In Ferguson, Mo., Tru Kellman wanted to create a space where women of color provided midwife and doula services – currently a predominantly white industry – that were accessible and affordable to her community. Tru, the first black Certified Professional Midwife in the state of Missouri, created Jamaa Birth Village in 2015, a nonprofit that offers these services to Ferguson and other St. Louis-area communities.
CannonDesign project architect Elise Novak was introduced to Tru and her work in the fall of 2018. A local physician had donated his building to Jamaa Birth Village, and Elise and others from the St. Louis office teamed with Jamaa to help transform the space into an Equal Access Midwifery Clinic. It became an Open Hand Studio project, which connects CannonDesigners with public interest nonprofits seeking design services.
The design team assessed and documented the building in Ferguson, and produced a concept design with renderings and new construction plans for cost estimation. However, after meeting with contractors, retrofitting the building to accommodate a birthing room was too expensive, and Tru and the team had to rethink the project’s goals.
In the end, Tru led a smaller scale renovation, and CannonDesign helped her see the project through to completion. Several CannonDesigners even helped with the renovation work.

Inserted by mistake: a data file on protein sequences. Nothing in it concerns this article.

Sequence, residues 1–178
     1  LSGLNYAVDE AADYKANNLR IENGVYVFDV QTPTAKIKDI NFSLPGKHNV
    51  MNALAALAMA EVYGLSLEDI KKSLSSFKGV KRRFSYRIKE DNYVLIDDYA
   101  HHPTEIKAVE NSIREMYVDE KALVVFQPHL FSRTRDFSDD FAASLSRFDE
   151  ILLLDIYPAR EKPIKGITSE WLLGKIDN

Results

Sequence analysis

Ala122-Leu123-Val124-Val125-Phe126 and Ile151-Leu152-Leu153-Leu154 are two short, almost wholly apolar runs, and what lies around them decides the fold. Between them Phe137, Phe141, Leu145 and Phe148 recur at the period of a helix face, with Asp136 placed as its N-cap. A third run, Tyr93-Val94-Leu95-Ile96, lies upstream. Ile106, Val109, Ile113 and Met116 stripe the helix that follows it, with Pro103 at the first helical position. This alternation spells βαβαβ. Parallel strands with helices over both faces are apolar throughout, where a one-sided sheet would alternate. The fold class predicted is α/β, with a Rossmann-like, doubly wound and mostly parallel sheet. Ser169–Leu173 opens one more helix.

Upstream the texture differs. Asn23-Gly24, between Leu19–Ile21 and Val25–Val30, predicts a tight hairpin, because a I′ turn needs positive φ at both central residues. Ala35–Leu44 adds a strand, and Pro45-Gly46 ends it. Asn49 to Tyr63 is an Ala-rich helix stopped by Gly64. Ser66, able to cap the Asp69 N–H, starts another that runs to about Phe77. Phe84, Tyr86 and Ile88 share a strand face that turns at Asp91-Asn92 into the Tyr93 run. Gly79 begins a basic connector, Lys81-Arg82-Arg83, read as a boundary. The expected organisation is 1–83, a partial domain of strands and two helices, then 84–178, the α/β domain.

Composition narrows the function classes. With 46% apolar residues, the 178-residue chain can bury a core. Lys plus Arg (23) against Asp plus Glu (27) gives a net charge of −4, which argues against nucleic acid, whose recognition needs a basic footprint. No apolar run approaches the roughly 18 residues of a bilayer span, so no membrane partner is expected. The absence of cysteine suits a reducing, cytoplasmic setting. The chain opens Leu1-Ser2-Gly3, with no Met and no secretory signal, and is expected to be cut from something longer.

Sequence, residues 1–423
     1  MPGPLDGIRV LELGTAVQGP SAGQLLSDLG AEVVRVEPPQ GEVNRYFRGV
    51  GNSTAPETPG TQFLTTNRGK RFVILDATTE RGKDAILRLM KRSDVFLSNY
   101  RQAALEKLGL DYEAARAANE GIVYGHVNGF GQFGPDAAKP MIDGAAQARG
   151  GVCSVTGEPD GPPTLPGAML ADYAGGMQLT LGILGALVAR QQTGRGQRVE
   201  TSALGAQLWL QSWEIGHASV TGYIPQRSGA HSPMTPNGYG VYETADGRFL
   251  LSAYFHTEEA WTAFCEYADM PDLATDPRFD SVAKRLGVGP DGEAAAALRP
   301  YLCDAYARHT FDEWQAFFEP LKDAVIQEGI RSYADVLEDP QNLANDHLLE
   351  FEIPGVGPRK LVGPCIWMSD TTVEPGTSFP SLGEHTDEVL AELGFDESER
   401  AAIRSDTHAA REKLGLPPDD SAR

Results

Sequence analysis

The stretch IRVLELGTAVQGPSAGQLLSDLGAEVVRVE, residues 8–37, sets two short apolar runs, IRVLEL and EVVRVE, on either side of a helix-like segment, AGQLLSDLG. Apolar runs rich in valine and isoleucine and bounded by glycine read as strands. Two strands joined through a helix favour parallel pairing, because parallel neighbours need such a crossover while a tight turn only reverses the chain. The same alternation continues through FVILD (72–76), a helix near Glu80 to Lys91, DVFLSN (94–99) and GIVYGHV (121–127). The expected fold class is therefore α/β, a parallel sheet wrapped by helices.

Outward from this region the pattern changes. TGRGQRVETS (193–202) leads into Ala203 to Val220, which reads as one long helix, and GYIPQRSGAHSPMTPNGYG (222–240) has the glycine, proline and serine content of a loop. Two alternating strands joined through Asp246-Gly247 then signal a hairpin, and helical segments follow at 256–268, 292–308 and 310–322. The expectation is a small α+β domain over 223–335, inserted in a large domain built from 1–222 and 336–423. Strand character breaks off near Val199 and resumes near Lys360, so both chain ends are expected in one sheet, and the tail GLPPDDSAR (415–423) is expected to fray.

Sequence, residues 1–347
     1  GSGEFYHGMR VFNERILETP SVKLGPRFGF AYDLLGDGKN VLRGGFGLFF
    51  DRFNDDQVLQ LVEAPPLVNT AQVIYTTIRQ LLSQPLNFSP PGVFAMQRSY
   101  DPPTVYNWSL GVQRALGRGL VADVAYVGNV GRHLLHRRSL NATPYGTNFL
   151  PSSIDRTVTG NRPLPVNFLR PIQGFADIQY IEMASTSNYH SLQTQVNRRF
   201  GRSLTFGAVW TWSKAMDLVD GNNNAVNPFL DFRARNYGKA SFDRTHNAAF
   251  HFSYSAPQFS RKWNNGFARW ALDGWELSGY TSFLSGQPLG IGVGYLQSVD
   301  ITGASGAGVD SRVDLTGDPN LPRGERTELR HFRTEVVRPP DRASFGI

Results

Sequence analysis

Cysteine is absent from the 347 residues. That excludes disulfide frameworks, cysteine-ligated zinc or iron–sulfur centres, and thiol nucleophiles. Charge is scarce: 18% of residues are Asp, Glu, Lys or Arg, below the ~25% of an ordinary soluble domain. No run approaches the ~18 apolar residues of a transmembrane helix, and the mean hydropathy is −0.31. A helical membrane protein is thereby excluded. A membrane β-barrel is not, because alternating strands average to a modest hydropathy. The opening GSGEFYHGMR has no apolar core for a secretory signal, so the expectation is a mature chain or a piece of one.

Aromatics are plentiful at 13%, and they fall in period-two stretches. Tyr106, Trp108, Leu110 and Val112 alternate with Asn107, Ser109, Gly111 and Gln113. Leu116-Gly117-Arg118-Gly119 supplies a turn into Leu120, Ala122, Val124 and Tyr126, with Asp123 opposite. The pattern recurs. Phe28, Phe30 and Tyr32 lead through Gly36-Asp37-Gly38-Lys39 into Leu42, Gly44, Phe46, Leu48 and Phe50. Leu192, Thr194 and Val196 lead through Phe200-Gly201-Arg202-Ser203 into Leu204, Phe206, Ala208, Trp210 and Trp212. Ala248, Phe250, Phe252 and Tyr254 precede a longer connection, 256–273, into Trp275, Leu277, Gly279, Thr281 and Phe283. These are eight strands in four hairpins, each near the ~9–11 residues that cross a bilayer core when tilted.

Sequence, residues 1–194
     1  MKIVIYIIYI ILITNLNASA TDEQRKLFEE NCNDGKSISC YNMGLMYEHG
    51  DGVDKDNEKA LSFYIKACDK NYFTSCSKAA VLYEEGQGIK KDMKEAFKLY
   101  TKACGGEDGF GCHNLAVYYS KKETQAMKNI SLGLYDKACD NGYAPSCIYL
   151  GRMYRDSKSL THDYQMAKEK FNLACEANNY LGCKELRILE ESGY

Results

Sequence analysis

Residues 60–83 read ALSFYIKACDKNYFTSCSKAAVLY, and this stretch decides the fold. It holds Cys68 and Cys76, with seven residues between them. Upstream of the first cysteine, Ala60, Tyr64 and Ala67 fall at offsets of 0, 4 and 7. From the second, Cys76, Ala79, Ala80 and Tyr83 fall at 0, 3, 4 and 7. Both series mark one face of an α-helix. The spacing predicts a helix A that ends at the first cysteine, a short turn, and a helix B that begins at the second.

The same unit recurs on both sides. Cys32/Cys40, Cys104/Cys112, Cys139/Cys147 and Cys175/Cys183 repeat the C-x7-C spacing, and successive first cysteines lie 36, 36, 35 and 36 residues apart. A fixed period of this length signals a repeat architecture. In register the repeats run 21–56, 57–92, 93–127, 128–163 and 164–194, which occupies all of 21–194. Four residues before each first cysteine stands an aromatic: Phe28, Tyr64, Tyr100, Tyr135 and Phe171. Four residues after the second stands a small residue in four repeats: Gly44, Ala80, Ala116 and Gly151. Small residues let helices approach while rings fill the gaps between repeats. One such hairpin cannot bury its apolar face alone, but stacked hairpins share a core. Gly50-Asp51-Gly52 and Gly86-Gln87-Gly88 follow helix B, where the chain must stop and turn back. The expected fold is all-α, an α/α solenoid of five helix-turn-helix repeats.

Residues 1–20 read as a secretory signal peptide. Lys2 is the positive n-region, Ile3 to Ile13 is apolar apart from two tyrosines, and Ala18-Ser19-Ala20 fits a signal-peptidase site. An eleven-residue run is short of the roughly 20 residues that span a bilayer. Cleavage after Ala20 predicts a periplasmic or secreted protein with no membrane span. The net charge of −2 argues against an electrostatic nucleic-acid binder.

Jamaa’s Equal Access Midwifery Clinic held its grand opening on Juneteenth, the anniversary of the day in 1865 when federal orders in Texas were read declaring all slaves were free. After the ribbon cutting, Tru gave guests a tour of Jamaa’s achievement, and Elise and Olivia Gebben were thrilled to be in attendance and see years of work come to fruition.
“For those of us involved in the project, every aspect of our work took on additional meaning – knowing the value of this project to the St. Louis community and the project’s social justice implications made even the small tasks feel important,” said Elise Novak. “It was great to see the willingness of many CannonDesigners to get on site and get their hands dirty to support this effort.”
Ultimately, the completed renovation allows Jamaa, which means family in Swahili, to expand its services, including pre- and post-natal care, access to mental health services, a community garden, custom childbirth and nutrition classes, doula care and more. Clients can choose their pregnancy and birthing experience, an option that Black women have long been denied. Jamaa also provides midwife and doula training, to empower more women of color to enter the profession. Since Jamaa’s creation in 2015, Tru has won several grants to support her work, and her organization has gained recognition on a national level.
“We want to let people know we are here, and we are doing everything we can to free people from oppression and make sure babies are not being born into this same system of racism and bias,” Kellman told the St. Louis Post-Dispatch.